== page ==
Drawing on the West African tradition of the half-human, half-fish goddess Mami Wata, Ntwari’s Yemoja moves in the opposite direction as Hellison and Coates’ tales. As environmental waste invades her underwater kingdom, Yemoja loses her memory and the ability to protect her children with inky black breastmilk, becoming more and more human. While Ntwari’s incorporation of Nigerian pidgin may have an other-worlding effect on some readers, for others it brings the dystopian potential of rampant capital accumulation and religious fervour close to home. In a similar move, Louis Greenberg’s “Oasis” uses non-gendered pronouns “e/ir/eir” in a dystopian world where rights to the world’s water are controlled by a Swiss-based corporation and a resistance of magical water-Makers gathers in Mali. Futuristic tech has become ubiquitous in African speculative fiction thanks to the Kenyan sci-fi short film Pumzi (2009) and Nigerian-American Nnedi Okorafor’s Binti trilogy (2015). Ntwari and Greenberg showcase the particular flexibility of the short story form, folding capitalist and (neo)colonial critique and linguistic innovation into the creation of alternate worlds.
Other stories in the collection take up and transform the conventions of detective fiction, a genre known for replicating exotic and racialized colonial fantasies. Adopting the conventions and formulas of Euro-American whodunits set in Africa (think Alexander McCall Smith’s The No. 1 Ladies Detective Agency or Agatha Christie’s Death on the Nile), Efemia Chela’s “The Lake Retba Murder” and Alexis Teyie’s “Mama Boi” explode them from the inside out to democratic ends. Their murderers, revealed in the final lines of tightly-controlled narratives, are African analogs of Euro-American globetrotters: one marries an Icelandic man, the other has a PhD and “muzungu problems.” Both female, the murderers disrupt stereotypes of gendered and sensationalized violence through rather mundane murders-by-drowning (no voodoo here!). Instead, Chela and Teyie refigure the Western detective story to show how quotidian middle class anxieties–an love affair, indoor plumbing—are the conditions for murder the world over.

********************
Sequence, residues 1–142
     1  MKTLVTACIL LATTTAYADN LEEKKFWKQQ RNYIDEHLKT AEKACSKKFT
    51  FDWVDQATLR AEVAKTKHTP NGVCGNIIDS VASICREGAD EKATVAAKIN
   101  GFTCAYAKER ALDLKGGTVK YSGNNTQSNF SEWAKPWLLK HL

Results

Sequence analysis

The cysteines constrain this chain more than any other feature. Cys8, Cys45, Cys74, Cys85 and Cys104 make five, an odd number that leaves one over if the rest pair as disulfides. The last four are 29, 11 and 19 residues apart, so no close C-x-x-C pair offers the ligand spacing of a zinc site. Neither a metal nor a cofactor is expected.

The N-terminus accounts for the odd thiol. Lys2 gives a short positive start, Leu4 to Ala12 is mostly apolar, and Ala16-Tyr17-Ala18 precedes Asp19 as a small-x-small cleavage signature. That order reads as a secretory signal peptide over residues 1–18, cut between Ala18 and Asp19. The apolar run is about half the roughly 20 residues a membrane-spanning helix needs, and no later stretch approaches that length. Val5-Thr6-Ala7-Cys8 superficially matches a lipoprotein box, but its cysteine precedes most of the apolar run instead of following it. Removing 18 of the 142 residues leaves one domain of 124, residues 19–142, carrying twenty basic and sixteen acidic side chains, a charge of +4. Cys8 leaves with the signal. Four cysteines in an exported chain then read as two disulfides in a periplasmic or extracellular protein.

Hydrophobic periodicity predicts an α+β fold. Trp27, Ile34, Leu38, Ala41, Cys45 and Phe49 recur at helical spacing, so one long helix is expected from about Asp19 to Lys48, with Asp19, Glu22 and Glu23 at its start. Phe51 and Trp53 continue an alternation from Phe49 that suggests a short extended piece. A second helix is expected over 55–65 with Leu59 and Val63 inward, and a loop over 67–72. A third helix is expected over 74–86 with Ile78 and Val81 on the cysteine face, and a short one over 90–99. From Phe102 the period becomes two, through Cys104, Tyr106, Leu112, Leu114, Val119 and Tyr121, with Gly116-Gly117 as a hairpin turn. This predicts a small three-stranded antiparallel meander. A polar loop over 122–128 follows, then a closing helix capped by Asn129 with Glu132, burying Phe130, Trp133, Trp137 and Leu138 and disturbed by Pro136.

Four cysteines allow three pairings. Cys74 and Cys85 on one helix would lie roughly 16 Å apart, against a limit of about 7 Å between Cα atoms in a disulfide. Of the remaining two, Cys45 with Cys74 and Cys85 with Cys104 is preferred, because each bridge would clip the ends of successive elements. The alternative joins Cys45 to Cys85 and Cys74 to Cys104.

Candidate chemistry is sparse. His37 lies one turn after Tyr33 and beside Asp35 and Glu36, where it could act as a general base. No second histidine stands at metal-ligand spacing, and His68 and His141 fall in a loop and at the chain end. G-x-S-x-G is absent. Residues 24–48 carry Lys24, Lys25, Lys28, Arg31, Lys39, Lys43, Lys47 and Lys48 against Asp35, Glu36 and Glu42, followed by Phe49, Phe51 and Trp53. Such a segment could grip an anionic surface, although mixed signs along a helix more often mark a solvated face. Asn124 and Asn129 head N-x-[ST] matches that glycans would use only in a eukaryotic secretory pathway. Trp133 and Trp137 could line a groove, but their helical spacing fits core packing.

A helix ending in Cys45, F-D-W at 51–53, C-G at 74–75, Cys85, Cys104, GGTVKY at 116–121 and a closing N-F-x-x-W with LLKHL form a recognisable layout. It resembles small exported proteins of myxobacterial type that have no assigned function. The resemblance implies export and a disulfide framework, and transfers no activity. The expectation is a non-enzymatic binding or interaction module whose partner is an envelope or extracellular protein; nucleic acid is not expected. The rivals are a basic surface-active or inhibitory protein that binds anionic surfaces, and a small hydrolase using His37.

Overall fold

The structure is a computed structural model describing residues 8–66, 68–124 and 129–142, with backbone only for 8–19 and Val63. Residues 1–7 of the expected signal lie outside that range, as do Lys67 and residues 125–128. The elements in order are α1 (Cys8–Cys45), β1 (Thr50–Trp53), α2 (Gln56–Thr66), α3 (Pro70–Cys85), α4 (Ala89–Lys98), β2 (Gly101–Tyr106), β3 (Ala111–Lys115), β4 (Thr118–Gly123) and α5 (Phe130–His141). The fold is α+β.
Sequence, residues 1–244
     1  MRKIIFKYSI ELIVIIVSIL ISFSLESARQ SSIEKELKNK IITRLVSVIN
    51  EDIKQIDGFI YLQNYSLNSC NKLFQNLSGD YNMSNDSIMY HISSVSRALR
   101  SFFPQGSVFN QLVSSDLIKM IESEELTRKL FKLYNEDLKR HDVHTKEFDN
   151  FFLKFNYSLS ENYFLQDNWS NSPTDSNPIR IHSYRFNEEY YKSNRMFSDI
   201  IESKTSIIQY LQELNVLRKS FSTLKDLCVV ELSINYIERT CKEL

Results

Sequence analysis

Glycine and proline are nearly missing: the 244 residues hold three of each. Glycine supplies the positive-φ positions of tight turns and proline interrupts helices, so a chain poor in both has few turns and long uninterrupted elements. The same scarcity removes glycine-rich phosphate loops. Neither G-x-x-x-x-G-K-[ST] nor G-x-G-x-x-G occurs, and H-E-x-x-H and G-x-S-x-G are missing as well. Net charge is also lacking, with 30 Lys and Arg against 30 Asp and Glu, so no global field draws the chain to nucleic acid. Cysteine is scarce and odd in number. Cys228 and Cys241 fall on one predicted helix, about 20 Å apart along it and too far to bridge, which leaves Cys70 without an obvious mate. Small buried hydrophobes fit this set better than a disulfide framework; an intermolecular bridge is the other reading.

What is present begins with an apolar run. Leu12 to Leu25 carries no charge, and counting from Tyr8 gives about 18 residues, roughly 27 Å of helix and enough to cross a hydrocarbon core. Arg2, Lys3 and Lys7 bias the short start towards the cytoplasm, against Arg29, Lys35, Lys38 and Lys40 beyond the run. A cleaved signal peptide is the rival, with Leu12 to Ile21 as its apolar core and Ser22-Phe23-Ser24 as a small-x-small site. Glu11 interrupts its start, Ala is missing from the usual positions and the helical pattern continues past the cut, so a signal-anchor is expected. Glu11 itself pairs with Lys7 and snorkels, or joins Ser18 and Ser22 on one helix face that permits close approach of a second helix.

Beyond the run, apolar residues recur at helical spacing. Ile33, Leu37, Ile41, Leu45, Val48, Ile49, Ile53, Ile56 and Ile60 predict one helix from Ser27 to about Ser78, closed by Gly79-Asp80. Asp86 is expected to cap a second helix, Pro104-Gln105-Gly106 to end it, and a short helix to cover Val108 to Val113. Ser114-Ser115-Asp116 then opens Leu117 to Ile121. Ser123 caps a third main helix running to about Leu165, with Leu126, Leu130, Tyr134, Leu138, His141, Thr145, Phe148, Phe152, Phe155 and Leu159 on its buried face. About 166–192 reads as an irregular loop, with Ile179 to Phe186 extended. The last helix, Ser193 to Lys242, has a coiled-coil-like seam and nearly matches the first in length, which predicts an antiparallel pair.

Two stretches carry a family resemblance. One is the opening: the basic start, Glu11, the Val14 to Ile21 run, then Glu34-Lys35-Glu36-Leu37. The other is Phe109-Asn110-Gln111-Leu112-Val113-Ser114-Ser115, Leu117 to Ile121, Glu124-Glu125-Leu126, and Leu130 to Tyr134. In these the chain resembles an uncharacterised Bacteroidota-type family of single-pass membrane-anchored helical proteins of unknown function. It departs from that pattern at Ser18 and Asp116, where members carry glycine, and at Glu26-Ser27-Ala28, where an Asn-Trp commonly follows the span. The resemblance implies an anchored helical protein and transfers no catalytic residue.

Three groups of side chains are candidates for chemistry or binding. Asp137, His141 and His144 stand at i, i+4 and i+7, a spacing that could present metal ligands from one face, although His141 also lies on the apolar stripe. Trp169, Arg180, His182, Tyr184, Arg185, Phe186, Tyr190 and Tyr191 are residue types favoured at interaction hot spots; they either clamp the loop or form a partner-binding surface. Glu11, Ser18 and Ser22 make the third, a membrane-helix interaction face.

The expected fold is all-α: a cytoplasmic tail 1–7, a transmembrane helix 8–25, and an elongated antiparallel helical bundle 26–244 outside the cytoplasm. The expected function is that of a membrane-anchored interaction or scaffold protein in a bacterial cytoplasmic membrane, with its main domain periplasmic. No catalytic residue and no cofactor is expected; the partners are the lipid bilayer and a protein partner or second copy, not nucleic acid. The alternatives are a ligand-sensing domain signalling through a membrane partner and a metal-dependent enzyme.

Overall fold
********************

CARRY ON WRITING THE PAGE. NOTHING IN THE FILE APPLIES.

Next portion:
Water as a resource also has life-or-death consequences in Pede Hollist’s “The Tale of the Three Water Carriers,” a cheeky portrait of the frenetic excitement and danger of young hustlers in Sierra Leone. Orz, Timba, and Fish capitalize on resource shortages to make a precarious income delivering siphoned water to local residents; they are simultaneously heroes of an epic freedom struggle and symbols of the community’s bleak lumpen future. Hollist playfully exploits the language of development “experts” in Africa, blending microfinanciers and “modaforkas” into a clever indictment of the conditions of resource inequality—“You want real mfs, go to the NGOs,” a government official councils when the boys ask for a loan. When Timba is killed threading traffic on his water cart and Orz and Fish die of cholera poisoning, the salvific potential of business savvy literally falls by the wayside.
Water’s final piece, Mary Okon Ononokpono’s “Inyang,” makes a historical turn, tracing the role of waterways in the slave trade and the Africans whose mastery of water routes made them complicit and wealthy. Hidden high in the branches of a tree, a young girl watches a flotilla of canoes slide below her:
Faces [appeared] as scores upon scores of small dark islands, dotted in pitch waters illuminated by the distant lights that troubled the heavens….These were people of the creek, powerful fishing folk…How cruel are the webs of Abasi Ataia to ensnare us in the very things that would give us power, but from which we are unable to draw.